‘Street furniture’ or mobiliario urbano as we call it in Colombia, comprises all the objects that form the landscape of a city and are installed in the public space: Benches, railings, lamp-posts, fences and bus stops – in general, elements created with the common purpose of serving citizens.
In that spirit, modern street furniture isn’t conceived, designed, made and installed with a decorative purpose but a functional one. In other words, its purpose is social and most important, interactive. Indeed, according to Sandra Burbano, an industrial designer at the National University of Colombia, “nowadays, there is no sense in occupying public space with an element, if that element does not have a clear function.”
In Colombia, two great cities have been leaders in this subject. Considering several decades of neglect and abandonment of the public space, the massive transformation experienced by Bogotá and Medellin in the last years, is reflective in street furniture and how it changed the face of these cities.
Bogotá experienced a re-creation of the city with the birth of the Transmilenio Bus Rapid Transit system, which followed best urban planning and design practices. Their governments understood that urban transformations do not affect only highways and transportation, but the totality of public space and the life of a city’s population.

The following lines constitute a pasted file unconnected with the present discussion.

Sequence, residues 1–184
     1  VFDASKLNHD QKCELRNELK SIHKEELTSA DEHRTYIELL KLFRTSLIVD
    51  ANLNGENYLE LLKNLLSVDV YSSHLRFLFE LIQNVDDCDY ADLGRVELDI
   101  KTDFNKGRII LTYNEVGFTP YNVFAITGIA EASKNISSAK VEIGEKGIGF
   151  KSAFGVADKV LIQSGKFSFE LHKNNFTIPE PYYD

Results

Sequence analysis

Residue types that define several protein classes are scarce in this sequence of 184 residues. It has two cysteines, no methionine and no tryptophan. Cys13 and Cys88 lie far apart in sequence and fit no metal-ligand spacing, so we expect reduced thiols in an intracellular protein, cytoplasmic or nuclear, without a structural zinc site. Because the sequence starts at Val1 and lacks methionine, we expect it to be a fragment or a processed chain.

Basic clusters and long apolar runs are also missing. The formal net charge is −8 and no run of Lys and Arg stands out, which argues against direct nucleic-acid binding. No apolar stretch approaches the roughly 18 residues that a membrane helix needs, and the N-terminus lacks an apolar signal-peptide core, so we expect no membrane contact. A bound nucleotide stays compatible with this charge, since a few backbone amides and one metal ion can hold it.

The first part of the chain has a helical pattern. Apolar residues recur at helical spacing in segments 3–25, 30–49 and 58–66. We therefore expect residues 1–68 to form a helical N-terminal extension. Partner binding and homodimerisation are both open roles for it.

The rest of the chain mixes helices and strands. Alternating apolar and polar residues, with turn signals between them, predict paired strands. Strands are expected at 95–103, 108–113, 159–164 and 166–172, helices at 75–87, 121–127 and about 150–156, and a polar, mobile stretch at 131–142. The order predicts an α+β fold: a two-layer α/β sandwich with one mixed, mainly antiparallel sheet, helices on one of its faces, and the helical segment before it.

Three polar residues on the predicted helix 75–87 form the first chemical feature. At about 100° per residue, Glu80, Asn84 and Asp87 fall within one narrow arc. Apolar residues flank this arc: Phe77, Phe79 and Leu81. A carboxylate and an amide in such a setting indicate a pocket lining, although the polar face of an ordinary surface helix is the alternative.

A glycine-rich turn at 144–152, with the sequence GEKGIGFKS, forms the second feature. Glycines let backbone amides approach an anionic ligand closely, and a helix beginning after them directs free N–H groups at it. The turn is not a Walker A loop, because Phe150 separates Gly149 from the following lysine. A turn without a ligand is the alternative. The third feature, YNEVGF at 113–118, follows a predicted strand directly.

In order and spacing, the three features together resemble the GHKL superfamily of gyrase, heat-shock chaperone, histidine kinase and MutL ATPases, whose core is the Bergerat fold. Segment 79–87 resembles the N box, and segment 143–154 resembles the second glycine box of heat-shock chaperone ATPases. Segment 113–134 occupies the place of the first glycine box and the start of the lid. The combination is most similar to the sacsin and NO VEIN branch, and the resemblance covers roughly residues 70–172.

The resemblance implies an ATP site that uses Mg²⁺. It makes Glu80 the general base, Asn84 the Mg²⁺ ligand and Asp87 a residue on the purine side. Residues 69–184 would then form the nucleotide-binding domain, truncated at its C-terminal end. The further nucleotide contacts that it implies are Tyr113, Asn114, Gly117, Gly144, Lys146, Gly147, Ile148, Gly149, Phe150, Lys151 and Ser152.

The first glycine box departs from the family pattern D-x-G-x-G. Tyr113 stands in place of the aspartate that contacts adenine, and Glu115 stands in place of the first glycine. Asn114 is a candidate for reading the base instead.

Recently Bogotá’s Urban Development Institute created a comprehensive standard of ‘urban installations,’ the first in Latin America, dedicated to standardizing guidelines on which all street furniture is designed.
All these standards are taken from previous mobility studies that have evaluated the needed quantity and sizes of furniture, architecture, tastes and user preferences, together with other studies, such as ethnographic analysis, budgets for temporary furniture, ergonomics and even emotional product design.
However, as extensive this new ‘catalog’ is, it makes you wonder if this type of standardization actually restricts urban planners, architects and industrial designers to be creative and produce examples of good design that is beautiful, useful, innovative and not restricted by guidelines, which will be outdated eventually.
Street furniture changes our cities from the bottom-up and is a crucial ingredient for good urban design. However, recent urban processes like the so called ‘guerilla or tactical urbanism’ challenge traditional ways of urban design, and street furniture being an essential part of it, can’t escape from this. Standardization again, is conflictive.
The question then, for Bogotá and all cities: Is standardization the right way for defining the appearance of our cities? Is order its goal?
Or should some creative freedom be allowed in how we design the places we live in?
Credits: Images by Luis Lozano-Paredes and linked to sources. Data linked to sources.